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Published to mark the one hundredth anniversary of the US entry into World War I in 1917, David Lubin’s Grand Illusions: American Art and World War I offers its reader much more than the book’s straightforward title suggests. Lubin’s foreign, filmic, postwar touchstone, Jean Renoir’s 1937 film La grande illusion, signals an unconventional history of American art of the period regarding media, chronological scope, and well-worn definitions of “American” art. In fact, the subtitle’s narrow national emphasis quite dramatically belies Lubin’s cross-media and international concerns, encompassing painting and photography in addition to film and popular visual culture. The book’s Anglo-American dialectic is signaled by the appearance on the volume’s dust jacket of John Singer Sargent’s Gassed, a monumental painting, made on commission for Great Britain’s Ministry of Information, showing the aftermath of a mustard gas attack on the Western Front in August 1918. The international character of Lubin’s scholarly enterprise is particularly evident in the chapter devoted to Marcel Duchamp’s Fountain, which ambitiously interprets the iconoclastic found-object sculpture as an intentional antiwar intervention. “It is the anti-Uncle Sam,” Lubin concludes somewhat strenuously, that “howled at the flushing of millions of lives and countless dreams down the collective toilet” (135, 137).
Notably, Lubin takes this occasion to consider bodies of work produced by different artistic generations. That Sargent and Marsden Hartley produced major works in response to the war is only one instance of this rich cross-generational coincidence in which Beaux Arts–era artists associated with the previous century drank metaphorically from the same well as younger modernists. To his credit, Lubin betrays no clear bias in favor of the more avant-garde artists like Hartley or Duchamp. His egalitarian approach levels the proverbial playing field in a way that is refreshingly noncanonical.
In fact, the author’s sympathies seem to lie with the less cutting edge and, thus, more historically neglected practitioners during the war—the late-career Sargent, the sculptor Gertrude Vanderbilt Whitney, and little-known artists who were also servicemen, such as Harvey Dunn and Claggett Wilson. His discussion of Whitney’s 1926 commission for a war monument at Saint-Nazaire harbor in Brittany, its destruction by German forces in 1940, and its subsequent reconstruction in 2004 leaves the reader cheering. Otherwise, commemorative sculpture is surprisingly absent from Lubin’s study, perhaps because it has been the focus of other recent scholarship, particularly Jennifer Wingate’s Sculpting Doughboys: Memory, Gender, and Taste in America’s World War I Memorials (Burlington, VT: Ashgate Publishing, 2013).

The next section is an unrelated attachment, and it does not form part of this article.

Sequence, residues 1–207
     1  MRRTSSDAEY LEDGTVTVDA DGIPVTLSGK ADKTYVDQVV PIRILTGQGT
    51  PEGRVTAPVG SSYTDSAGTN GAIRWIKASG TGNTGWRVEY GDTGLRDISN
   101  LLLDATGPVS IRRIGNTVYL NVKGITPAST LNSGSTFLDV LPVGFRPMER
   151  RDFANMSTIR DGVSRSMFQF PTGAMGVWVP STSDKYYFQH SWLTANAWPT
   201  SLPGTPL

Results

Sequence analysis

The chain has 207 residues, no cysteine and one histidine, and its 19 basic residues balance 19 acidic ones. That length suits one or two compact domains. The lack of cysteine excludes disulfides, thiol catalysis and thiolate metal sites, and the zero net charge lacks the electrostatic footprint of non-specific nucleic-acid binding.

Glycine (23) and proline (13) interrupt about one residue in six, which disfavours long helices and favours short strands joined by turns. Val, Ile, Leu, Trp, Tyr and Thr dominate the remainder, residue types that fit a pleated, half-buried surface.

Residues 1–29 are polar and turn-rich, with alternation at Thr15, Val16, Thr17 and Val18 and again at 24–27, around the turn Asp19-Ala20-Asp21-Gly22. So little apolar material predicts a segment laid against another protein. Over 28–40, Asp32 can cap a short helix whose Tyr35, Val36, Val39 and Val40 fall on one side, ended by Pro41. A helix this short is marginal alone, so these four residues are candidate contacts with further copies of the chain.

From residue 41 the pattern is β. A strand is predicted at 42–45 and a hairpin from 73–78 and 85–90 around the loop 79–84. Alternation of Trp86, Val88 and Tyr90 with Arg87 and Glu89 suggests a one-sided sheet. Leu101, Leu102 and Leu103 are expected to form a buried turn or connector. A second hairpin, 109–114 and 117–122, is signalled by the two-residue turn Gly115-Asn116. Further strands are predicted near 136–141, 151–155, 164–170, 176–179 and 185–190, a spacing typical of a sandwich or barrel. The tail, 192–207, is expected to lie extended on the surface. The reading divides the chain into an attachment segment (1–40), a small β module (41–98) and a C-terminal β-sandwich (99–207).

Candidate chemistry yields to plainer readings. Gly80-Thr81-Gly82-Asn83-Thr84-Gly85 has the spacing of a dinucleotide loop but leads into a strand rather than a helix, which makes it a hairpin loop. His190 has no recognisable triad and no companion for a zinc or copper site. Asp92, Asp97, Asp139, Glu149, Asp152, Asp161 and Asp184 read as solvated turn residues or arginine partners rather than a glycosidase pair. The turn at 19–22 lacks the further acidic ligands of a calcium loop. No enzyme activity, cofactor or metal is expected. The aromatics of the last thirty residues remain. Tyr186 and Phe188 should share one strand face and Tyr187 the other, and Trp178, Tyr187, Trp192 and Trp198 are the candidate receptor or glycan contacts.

Whitney is one of a modest roster of formidable women, among them Romaine Brooks, Gertrude Stein, and Anna Coleman Ladd, whose responses to the war Lubin highlights. Lubin’s discussion of Ladd, who sculpted face masks to disguise war wounds and disfigurement in a studio established by the American Red Cross, stands as one of most affecting sections, and he compellingly connects the phenomenon of wartime facial prosthetics to subsequent shifts in public attitudes more open to makeup and plastic surgery. Even so, Grand Illusions would be enhanced by inclusion of more women artists, such as Cecilia Beaux, among the most decorated artists of her generation, who, like Sargent, painted portraits on commission of leading protagonists of the war.
Likewise, Lubin’s study would benefit by greater attention to issues of race and the war. His discussions of James Van Der Zee and Horace Pippin—the latter being one of the most prominent American artists to serve in battle (incurring a permanent arm injury)—seem buried near the book’s end. Another key historical factor omitted is the war’s impact on the national discourse of eugenics, which spiked in the 1920s due to the removal of so much perceived “good stock” from the country’s gene pool.
The chapters that address popular visual culture of the war, particularly war propaganda and enlistment posters, include some of the most engaging images. As the author explains, Fred Spear’s Enlist, H. R. Hopps’s Destroy This Mad Brute, and James Montgomery Flagg’s I Want You (Uncle Sam Wants You) rank with the most iconic images from the period; because of technological advances in color reproduction and mass circulation, they became ubiquitous in American society. In addition, Lubin articulates ways in which enlistment posters interpolated their viewers into nationalist and gendered narratives.